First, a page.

There is more to this novel than what I have focused on, and what I have focused on prefigures themes that later appear in Dostoevsky's final novel, The Brother's Karamazov.  As a first-person narrative written as young Arkady's "notes" of events that occurred only several months earlier, the notes have the character of autobiographical memory that lies at the core of extended consciousness and the autobiographical self.  (See April 8, 2011 post). 

Tuesday, January 1, 2013

Jose Saramago, Baltasar and Blimunda (1982)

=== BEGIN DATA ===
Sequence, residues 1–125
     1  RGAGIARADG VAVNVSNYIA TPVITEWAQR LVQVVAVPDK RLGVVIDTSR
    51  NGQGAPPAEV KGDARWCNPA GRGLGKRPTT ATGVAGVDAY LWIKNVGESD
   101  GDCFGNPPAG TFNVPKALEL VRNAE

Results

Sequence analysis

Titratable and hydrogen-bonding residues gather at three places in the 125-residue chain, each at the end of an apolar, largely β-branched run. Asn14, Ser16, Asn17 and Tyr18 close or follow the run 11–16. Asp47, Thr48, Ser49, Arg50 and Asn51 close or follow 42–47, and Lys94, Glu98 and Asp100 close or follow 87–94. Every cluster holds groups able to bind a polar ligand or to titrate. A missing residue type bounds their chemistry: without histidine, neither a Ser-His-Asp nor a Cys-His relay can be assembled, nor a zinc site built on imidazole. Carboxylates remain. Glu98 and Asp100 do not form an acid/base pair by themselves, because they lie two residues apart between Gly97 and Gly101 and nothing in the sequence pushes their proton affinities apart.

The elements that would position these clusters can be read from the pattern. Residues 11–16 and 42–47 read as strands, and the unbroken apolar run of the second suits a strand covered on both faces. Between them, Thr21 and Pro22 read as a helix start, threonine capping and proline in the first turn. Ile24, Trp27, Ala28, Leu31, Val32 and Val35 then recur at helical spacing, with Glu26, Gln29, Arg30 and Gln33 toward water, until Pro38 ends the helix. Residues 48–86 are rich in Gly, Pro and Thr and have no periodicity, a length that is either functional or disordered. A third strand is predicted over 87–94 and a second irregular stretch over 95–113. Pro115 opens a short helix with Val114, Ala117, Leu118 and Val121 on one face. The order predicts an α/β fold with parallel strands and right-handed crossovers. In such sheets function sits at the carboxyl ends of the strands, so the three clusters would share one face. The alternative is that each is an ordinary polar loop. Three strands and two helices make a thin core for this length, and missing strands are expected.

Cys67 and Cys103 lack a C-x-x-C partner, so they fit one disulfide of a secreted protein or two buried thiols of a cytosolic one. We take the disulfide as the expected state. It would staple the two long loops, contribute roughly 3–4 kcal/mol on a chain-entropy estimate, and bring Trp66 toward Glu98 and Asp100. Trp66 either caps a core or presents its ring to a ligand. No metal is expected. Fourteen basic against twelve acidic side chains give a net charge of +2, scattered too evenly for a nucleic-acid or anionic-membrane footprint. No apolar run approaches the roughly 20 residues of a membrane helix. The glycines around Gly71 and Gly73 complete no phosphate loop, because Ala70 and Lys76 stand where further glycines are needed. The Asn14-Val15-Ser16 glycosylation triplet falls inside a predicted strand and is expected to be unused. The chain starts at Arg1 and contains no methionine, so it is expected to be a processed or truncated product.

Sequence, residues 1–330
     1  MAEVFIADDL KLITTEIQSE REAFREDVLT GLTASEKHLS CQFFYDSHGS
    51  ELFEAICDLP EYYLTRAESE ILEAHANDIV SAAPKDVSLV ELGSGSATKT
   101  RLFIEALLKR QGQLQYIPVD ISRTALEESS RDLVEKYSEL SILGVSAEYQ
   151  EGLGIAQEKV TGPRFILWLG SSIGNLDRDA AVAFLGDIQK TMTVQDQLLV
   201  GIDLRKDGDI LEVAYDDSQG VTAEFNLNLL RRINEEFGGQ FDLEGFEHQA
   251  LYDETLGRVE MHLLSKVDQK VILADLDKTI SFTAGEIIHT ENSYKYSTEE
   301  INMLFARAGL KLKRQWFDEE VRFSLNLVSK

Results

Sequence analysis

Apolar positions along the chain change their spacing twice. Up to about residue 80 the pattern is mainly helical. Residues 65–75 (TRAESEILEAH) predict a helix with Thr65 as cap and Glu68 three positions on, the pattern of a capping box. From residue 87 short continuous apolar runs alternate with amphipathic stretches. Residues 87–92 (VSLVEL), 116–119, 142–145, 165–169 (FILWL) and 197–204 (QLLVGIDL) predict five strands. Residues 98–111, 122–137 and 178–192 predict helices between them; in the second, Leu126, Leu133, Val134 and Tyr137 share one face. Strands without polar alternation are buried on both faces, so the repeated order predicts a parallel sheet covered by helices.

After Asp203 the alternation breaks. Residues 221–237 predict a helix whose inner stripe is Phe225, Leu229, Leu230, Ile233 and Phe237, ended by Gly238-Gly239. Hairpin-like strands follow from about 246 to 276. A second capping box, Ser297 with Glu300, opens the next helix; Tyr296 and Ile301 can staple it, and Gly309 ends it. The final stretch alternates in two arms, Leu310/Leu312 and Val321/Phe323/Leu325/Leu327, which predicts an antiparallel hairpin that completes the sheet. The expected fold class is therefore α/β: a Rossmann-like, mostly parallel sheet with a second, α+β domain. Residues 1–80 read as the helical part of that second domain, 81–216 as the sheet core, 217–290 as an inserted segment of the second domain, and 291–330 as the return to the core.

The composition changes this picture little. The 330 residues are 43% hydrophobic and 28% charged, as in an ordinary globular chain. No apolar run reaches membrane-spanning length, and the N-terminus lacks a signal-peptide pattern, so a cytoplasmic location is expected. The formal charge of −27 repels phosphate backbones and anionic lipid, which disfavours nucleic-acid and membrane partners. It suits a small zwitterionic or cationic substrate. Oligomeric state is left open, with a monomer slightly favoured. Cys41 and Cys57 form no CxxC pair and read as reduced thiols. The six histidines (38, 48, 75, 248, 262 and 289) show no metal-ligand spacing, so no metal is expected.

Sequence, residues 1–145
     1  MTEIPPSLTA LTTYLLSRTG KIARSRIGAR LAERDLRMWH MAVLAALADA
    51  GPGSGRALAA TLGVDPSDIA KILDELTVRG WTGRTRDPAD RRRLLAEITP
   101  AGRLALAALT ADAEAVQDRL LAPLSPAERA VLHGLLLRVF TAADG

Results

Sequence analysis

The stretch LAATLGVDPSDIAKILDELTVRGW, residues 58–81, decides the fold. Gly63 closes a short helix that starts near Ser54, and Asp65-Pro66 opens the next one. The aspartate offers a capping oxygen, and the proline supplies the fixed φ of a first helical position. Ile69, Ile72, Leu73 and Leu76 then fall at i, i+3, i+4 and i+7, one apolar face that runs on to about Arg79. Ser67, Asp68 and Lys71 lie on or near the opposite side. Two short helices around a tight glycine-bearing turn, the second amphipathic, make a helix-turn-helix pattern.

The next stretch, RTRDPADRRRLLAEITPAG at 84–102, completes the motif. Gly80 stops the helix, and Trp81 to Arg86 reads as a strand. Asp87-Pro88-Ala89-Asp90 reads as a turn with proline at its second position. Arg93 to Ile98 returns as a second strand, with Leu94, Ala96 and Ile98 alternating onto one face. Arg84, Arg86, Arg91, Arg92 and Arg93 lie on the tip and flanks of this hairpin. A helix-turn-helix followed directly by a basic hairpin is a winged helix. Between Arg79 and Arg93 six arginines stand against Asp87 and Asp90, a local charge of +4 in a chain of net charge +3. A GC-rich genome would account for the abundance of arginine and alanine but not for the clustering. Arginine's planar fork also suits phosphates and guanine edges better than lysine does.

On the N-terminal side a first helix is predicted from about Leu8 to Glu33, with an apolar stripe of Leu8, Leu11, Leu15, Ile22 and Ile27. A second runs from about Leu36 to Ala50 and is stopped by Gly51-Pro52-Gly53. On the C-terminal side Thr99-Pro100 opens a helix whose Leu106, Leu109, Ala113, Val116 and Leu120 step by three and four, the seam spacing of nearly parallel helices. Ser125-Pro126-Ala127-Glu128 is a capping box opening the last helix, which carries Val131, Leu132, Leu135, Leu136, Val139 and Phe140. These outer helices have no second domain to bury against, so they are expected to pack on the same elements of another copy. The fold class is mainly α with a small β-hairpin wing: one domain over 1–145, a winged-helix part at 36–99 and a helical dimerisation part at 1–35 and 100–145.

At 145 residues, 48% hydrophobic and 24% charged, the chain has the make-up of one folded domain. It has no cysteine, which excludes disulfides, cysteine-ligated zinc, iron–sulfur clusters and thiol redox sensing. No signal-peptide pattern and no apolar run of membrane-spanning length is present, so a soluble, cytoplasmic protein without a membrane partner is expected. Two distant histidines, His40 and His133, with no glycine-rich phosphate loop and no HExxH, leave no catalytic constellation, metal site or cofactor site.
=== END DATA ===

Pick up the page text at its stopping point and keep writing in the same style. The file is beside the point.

While I was reading Jose Saramago's Baltasar and Blimunda, Rabbi Jonathan Sacks' commentary published in The New York Times titled The Moral Animal caused me to reflect on what I was just reading and connect with some thoughts of writers whom I have read in the past, including Christopher Boehm's Moral Origins (see November 21, 2012 post). The question provoked by the juxtaposition of Rabbi Sacks' commentary and the 1982 novel by Nobelist Saramago, a humanist-atheist, is whether we are a less violent (implication: more altruistic) species now than we were just a few centuries ago. In a book that I have not yet read, The Better Angels of Our Nature,  Steven Pinker answers this question affirmatively. I have read that Pinker's conclusion is well documented, but day-to-day news stories can still make one skeptical about Pinker's conclusion. The numbers may be trending in the right direction, according to Pinker's data, but atrocities still remain.  Some of these atrocities are inspired by religious beliefs, as this year's shooting of a young woman, Malala Yousufzai, by Taliban in Pakistan demonstrates.  And while not likely inspired by religious beliefs, sexual predation on the young by Christian clergy reveals that religious leaders can be just as corrupt, oppressive, and immoral as anyone else.